Evolutionary Innovations: The Business of Biotechnology by Maureen D. McKelvey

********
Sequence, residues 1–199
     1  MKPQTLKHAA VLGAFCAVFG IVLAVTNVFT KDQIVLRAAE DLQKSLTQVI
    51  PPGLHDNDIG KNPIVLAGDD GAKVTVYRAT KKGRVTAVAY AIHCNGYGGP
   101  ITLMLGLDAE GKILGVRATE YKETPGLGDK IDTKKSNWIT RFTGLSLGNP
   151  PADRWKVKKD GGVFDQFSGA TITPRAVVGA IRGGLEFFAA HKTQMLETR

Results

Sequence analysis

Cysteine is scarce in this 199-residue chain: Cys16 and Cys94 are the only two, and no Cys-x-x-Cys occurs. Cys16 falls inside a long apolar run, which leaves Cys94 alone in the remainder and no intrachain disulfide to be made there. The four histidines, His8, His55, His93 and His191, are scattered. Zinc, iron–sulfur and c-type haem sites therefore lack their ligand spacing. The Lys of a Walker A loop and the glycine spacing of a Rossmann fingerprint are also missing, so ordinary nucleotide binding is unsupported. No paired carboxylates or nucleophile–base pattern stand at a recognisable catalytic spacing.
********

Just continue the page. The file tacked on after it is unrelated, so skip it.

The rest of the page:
This book examines the initial commercial uses of genetic engineering. Genetic engineering is one of the most modern, controversial and dynamic of the science based technologies. It is not an object but a set of techniques or way of doing things. The development of these techniques from the 1970s onwards illustrates the changing relationships between universities and firms and between basic science and research oriented towards commercial uses. The main focus of the book is on two firms - Genentech in the United States and Kabi in Sweden and their activities and ‘knowledge-seeking’ behavior in the development of human growth hormone and how those ran in parallel with university science. As well as providing a remarkably clear account of these developments (the book includes a chapter on the basics of biotechnology for the lay person), McKelvey also provides a fresh contribution to our understanding of innovation processes by using the evolutionary metaphor to interpret patterns of change where novelty, transmission, and selection are important elements, and where the knowledge-seeking behavior of firms and other agents are critical for survival and development. The book will be of considerable interest to a wide audience concerned to understand the complexities of innovation processes in the ‘knowledge society’ - management and organization researchers, economists, policy advisers, managers and strategies responsible for turning knowledge into product and profit.